Tropical Storm Elsa continued to be disorganized on Sunday, but is expected to be close to hurricane force when it makes landfall in central Cuba on Monday morning, the National Hurricane Center said in its Sunday advisory at 11 h EDT. Elsa had slowed considerably since Saturday and was heading west-northwest at 12 mph, with peak winds of 60 mph and a center pressure of 1009 mb – a very high reading for such a strong storm. Heavy rains from the storm affected Cuba, Jamaica and the Cayman Islands; Elsa’s outdoor rain bands will spread across the Florida Keys on Monday and move north into central Florida on Monday evening. Tropical storm warnings were issued in the Florida Keys on Sunday.On Saturday afternoon, Elsa sped along the southern coast of Hispaniola, bringing heavy rain and heavy waves to the coasts of Haiti and the Dominican Republic. Two people were killed by collapsing walls in the Dominican Republic, weather.com reported, and another was killed in Saint Lucia after the storm brought high winds and torrential rains to the Small Islands. West Indies Friday.
Satellite imagery from Sunday afternoon revealed Elsa was positioned in the narrow channel between Jamaica and Cuba and struggling to organize. The low-level traffic center was no longer visible and the severe thunderstorms were becoming quite intense, with cold cloud tops indicating that they were extending high in the atmosphere. However, the most severe thunderstorms were located far from the center, and data from the Hurricane Hunters revealed that Elsa was vertically misaligned. This lack of alignment precluded intensification, as did interaction with the islands of Jamaica and Cuba.
Forecast for Elsa
As she progresses west-northwest through Monday, Elsa will benefit from favorable conditions for development, although interaction with the highlands of Jamaica and Cuba may interfere. Elsa is expected to maintain a relatively slow forward speed of 10 to 15 mph until Monday, which should help the storm align better vertically. The sea surface temperatures will be very hot 30 degrees Celsius (86 ° F), the atmosphere will be humid and the wind shear will be moderate, at 10-20 knots. However, the Sunday 12Z run of the SHIPS model only gave a 9% chance that Elsa quickly ramped up to 35mph in the 24 hours ending at 8am EDT on Monday; the National Hurricane Center predicted a 10 mph increase in Elsa’s winds by Monday morning, putting it at 70 mph – just below the hurricane’s strength.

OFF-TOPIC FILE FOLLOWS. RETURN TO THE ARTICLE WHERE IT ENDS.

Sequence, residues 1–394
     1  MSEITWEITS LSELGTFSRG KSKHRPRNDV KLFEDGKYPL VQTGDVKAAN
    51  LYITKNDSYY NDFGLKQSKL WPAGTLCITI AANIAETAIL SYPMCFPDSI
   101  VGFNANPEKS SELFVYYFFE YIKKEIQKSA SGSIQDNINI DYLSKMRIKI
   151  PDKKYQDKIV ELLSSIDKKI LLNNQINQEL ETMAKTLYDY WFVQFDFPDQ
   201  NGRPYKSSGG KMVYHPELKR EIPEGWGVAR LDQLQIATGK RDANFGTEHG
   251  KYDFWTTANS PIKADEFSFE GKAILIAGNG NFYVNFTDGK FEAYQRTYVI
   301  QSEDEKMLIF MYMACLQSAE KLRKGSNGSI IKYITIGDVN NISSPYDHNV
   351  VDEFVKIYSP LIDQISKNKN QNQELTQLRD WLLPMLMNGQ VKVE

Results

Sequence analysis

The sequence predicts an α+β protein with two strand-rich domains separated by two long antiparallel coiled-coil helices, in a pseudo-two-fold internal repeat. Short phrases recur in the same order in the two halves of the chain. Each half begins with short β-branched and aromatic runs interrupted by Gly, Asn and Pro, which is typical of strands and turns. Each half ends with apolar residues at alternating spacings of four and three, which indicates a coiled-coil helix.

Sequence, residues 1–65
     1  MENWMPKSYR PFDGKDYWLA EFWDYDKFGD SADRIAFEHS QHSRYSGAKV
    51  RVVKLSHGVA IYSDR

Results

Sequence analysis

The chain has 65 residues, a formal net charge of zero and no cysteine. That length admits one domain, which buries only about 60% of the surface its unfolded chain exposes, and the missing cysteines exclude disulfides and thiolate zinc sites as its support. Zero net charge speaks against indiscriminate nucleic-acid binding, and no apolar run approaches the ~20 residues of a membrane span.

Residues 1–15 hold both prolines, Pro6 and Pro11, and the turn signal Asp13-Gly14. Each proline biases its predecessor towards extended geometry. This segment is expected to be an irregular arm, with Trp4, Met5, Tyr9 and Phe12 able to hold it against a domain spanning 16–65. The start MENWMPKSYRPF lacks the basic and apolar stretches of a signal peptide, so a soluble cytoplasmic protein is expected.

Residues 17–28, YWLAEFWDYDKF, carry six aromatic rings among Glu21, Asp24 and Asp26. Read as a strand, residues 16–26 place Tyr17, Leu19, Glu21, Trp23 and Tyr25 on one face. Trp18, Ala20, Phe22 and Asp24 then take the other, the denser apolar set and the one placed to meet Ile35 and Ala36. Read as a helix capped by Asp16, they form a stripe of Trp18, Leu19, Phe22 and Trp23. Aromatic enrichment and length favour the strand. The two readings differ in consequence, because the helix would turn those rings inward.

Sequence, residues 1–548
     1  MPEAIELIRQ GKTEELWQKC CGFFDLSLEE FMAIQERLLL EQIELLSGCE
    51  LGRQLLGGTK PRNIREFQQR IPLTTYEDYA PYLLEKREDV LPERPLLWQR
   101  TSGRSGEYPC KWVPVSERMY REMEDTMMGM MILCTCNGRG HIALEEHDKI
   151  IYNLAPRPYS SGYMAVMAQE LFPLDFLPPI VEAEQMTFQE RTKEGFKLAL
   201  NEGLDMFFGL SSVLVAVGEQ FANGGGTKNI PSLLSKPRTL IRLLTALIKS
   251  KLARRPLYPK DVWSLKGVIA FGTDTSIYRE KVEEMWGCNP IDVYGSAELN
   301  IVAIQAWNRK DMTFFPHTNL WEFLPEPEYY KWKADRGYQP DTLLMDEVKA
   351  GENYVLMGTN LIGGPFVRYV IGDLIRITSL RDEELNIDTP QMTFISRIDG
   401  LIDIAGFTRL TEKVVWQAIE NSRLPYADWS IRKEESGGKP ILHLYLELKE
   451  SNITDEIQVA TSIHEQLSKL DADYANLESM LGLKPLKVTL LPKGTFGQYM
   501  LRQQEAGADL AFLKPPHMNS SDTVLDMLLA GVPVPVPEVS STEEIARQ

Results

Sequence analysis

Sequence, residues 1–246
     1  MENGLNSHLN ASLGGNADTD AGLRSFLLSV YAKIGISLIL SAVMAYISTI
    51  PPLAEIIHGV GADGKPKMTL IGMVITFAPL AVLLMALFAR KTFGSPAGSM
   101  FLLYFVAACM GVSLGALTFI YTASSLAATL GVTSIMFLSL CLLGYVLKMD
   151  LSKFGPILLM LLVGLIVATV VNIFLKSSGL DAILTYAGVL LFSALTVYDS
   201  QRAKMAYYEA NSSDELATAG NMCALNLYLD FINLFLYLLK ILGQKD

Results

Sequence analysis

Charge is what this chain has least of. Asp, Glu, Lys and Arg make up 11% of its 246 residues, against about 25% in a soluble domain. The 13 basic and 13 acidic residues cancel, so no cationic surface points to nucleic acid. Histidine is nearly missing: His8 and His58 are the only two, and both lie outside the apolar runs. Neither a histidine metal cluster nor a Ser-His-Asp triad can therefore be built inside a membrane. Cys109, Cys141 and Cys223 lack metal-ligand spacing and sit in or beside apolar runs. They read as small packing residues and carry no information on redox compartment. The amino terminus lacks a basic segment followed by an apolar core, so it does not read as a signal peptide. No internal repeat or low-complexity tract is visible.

Elsa is mainly a heavy rain threat to Florida
Elsa is expected to make landfall in central Cuba on Monday morning and spend about 12 hours crossing the island. There is some fairly mountainous terrain with elevations above 1,500 feet that Elsa is expected to cross, and the passage over Cuba is likely to significantly disrupt the storm.
Elsa is likely to be a disorganized tropical storm with winds of 55 to 65 mph when it emerges in the Straits of Florida on Monday evening. At this point, the steering currents favor a north course at around 10mph, which will give Elsa less than two days on the hot water to re-intensify. Conditions are expected to be moderately favorable for development, with waters warm to 29 degrees Celsius (84 ° F), moderate wind shear of 15 to 20 knots and a humid atmosphere. However, Elsa will likely need longer than that to reorganize into a hurricane, and Saturday morning testing of reliable intensity models only showed a 5-10 mph increase in Elsa’s winds from Monday night to Wednesday morning. Elsa will most likely be a rainy and messy tropical storm with peak winds of 55 to 70 mph when it makes landfall along the Florida Gulf Coast on Tuesday evening or Wednesday morning. Heavy rains of 2 to 6 inches will be the main threat from the storm in Florida.Website visitors can comment on “Eye on the Storm” posts. Please read our Feedback policy before posting. Comments are generally open for 30 days from the date of posting. Sign up to receive email announcements of new publications here. Twitter: @DrJeffMasters et @bhensonweather